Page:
Fundraising and Communication 

by Gemma Pettman

September 9,  2020

Fundraising may seem like an unusual topic for a panel discussion for comms pros, but those of us who work alongside fundraisers - or have income generation as part of our role - will know how intricately linked the disciplines are. 

Having received a raft of questions from members about fundraising comms following an event earlier this summer, the CIPR Not-for-Profit committee assembled a panel of experienced communicators and fundraisers to share their knowledge and tips. 

The current fundraising climate

We began by looking at the impact of the coronavirus pandemic on fundraising and Mike Zywina, Director of Lime Green Consulting, spoke about trends he had noticed. While many people have been adversely affected, Mike advised against assuming everyone is struggling with money problems. This is backed up by a recent Opinium poll which indicated a third of people who have supported a charity during lockdown have donated more money than usual while 15% are volunteering more of their time. 
Mike felt it was important that we “keep being sensitive about asking people for money but don’t project our own concerns and discomfort onto donors as there are plenty of people who are keen to do something to help.”

The benevolent fund, Foothold, starting proactively fundraising in the middle of lockdown. Fliss Rook, the charity’s Fundraising Manager, found segmentation be important. Foothold excluded people in receipt of support from the charity from its crisis appeal ask and instead encouraged them to lend their voice and stories to the campaign.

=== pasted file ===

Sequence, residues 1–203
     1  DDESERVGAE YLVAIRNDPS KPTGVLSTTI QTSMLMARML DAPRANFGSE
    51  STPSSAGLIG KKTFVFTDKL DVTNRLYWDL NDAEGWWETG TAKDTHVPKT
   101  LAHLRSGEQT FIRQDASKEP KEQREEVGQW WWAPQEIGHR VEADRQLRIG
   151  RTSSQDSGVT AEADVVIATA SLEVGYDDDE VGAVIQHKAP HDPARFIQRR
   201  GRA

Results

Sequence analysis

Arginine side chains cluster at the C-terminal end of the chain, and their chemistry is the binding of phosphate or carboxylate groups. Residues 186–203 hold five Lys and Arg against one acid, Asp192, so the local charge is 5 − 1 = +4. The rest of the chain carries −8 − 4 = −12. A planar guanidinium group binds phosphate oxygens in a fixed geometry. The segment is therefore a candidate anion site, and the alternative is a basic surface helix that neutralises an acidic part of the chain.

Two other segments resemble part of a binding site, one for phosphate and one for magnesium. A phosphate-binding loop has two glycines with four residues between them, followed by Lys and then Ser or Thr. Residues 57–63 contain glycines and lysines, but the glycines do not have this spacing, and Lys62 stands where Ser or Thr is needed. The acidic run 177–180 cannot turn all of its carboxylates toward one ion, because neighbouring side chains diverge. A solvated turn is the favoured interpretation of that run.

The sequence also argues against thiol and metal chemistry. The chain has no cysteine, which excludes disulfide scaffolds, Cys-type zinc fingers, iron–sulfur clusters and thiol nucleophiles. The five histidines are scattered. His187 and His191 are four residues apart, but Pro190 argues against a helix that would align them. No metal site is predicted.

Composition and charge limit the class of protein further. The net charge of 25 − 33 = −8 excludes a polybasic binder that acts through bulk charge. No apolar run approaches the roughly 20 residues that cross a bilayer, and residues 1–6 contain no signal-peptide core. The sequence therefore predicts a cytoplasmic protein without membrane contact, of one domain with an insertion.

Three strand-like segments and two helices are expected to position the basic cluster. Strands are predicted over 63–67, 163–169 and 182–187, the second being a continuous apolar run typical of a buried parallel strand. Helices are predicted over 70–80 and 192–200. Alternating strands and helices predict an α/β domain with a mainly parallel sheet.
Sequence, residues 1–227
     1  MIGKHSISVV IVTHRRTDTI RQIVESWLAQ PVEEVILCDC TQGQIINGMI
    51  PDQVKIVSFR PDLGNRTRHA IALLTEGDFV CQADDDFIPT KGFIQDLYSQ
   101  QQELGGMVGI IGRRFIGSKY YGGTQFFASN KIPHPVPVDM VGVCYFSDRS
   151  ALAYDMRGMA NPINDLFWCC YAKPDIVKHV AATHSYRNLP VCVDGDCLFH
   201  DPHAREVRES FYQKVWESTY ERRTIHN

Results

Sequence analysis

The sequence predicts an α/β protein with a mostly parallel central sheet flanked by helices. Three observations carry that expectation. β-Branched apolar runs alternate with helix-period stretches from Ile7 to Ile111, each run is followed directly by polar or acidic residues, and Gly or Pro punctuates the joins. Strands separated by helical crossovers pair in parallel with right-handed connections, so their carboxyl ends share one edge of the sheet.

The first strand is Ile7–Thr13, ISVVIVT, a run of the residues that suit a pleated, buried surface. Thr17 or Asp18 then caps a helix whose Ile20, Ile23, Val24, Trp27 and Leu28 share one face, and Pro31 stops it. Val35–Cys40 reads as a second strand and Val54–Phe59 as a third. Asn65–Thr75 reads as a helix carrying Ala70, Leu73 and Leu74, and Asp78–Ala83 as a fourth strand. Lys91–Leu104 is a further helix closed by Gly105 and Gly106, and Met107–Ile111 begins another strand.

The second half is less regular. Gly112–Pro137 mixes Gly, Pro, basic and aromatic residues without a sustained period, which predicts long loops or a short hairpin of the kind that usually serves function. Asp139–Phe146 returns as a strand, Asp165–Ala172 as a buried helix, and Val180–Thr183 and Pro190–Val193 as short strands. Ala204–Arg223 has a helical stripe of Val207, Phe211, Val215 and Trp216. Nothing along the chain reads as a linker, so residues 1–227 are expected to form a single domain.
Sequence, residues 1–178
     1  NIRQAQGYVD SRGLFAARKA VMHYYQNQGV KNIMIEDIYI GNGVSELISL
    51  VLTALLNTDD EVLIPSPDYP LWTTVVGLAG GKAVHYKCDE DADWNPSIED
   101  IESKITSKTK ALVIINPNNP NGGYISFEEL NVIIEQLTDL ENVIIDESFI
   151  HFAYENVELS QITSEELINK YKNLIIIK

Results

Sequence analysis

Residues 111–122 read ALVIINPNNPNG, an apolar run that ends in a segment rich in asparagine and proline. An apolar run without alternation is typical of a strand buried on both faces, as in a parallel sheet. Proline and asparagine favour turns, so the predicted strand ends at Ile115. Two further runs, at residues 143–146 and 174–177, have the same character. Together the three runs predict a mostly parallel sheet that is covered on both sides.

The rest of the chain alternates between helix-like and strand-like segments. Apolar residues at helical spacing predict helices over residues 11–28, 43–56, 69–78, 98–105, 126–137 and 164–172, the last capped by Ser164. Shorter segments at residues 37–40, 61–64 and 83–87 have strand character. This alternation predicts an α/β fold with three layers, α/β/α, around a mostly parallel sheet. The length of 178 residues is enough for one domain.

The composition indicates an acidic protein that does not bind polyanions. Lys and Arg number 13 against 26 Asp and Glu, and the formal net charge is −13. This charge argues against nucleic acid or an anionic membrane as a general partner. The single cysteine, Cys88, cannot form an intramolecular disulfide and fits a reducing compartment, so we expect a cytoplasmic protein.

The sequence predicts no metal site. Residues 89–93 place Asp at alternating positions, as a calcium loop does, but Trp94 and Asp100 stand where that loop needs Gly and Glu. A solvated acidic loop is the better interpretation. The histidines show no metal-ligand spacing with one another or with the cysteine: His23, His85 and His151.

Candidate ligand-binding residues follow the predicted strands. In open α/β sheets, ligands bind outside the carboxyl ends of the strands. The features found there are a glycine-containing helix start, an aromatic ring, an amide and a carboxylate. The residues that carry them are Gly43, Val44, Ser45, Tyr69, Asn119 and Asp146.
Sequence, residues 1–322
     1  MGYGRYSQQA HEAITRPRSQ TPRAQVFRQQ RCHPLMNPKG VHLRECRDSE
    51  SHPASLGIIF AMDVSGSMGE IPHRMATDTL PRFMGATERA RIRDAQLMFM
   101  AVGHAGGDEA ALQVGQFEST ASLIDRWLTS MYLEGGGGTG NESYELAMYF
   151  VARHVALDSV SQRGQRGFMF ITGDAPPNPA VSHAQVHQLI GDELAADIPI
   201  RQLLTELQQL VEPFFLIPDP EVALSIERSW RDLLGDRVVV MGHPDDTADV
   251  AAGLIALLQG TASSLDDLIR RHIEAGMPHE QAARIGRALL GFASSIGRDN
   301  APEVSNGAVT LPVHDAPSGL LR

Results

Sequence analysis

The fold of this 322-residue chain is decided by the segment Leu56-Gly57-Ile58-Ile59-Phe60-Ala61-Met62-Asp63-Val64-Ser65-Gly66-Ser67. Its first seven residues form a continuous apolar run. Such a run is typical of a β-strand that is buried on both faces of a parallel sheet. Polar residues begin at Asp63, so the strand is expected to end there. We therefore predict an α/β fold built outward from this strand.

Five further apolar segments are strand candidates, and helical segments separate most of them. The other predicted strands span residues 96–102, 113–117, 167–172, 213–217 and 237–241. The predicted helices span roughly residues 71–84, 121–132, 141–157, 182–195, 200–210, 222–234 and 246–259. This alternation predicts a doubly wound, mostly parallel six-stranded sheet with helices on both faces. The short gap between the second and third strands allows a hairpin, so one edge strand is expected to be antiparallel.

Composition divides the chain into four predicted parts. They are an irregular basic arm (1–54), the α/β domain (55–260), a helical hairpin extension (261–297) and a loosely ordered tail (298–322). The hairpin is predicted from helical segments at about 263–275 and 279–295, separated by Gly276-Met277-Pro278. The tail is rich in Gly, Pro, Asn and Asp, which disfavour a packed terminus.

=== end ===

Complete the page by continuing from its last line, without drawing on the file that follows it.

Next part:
Foothold took a traditional direct mail approach but for many, reaching new donors via digital means is both appealing and essential. Fliss Rook encouraged charities to focus on refining their approach, be clear on their unique selling points and look at how they can add value to their audiences to create relationships that will benefit fundraising efforts longer term.

Digital fundraising

In less than six months, and during a global pandemic, the British Red Cross grew its following on TikTok to more than 380,000 followers. In doing so they reached younger audiences and raised over £90,000.